This incredible collection also includes Wanger’s testimony at numerous hearings opposing bills attempting to reinstate the death penalty, as well as brochures and short articles. The bound and boxed volumes provide a comprehensive overview of the history of death penalty legislation in Michigan. Through legislation in 1846, the state became first English-speaking government to abolish the death penalty for murder and lesser crimes.


In addition to the database based on Wanger’s Death Penalty Collection: A Descriptive Bibliography, the online resource contains:

  • An A-Z list of all available full-text titles
  • Periodicals on the topic of the death penalty
  • Trials and congressional hearings related to capital punishment
  • Additional bibliographic references
  • Scholarly articles about this topic
  • Links to relevant external resources


Eugene G. Wanger, the author of this book, graduated from Amherst College with honors. He earned his law degree from the University of Michigan, where he was a champion moot court competitor. Later, was elected from Lansing to the Michigan Constitutional Convention of 1961-1962, where he authored the state’s constitutional ban of the death penalty (the only constitutional prohibition of capital punishment in the United States).

Since 1972 Mr. Wanger has co-chaired the Michigan Committee Against Capital Punishment, co-founded the Michigan Coalition Against the Death Penalty, and continued his interest in history and government, authoring several books and many articles. In 2005 Mr. Wanger received the Champion of Justice Award from the State Bar of Michigan for superior professional accomplishment benefiting the state and nation, especially through his work on capital punishment. A retrospective of his death penalty writings has been published by Michigan State University Press; and his collection on that subject was considered the largest in America in private hands before being made part of the National Death Penalty Archives at the State University of New York at Albany. Biographies of Mr. Wanger are included in Who’s Who in America and Who’s Who in American Law. He resides in Lansing with his wife of over fifty years, Marilyn M. Wanger.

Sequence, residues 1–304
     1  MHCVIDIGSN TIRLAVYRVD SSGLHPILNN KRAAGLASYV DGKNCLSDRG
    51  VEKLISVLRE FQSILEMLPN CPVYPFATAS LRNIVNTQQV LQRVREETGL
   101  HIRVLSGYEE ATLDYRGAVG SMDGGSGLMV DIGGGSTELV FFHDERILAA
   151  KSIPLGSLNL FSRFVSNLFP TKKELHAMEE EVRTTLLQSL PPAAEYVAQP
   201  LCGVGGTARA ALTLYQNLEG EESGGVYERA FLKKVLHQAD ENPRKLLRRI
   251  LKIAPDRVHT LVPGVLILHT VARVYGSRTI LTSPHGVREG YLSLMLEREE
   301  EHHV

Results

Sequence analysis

Marilyn M. Wanger (nee Morris) is also a graduate of Michigan Law School, where the two of them met. Valedictorian of her high school class in Mason, Michigan, she was awarded an academic scholarship to Michigan State University. She wrote papers in high school and college against capital punishment. Following graduation, she taught English and mathematics before entering law school. Mrs. Wanger has had a distinguished legal career, first as a Michigan Assistant Attorney General and then as a Commissioner of Michigan’s Court of Appeals. She was the first woman to serve on the Lansing Community College Board of Trustees.


In an effort to make this database as comprehensive as possible, new material will be added regularly. If your organization has materials not yet found in this resource that you are willing to lend, please contact marketing@wshein.com or (800) 828-7571 for more information. 

For pricing information about this database, including pricing, please contact your sales representative or contact our Marketing department at marketing@wshein.com or 800-828-7571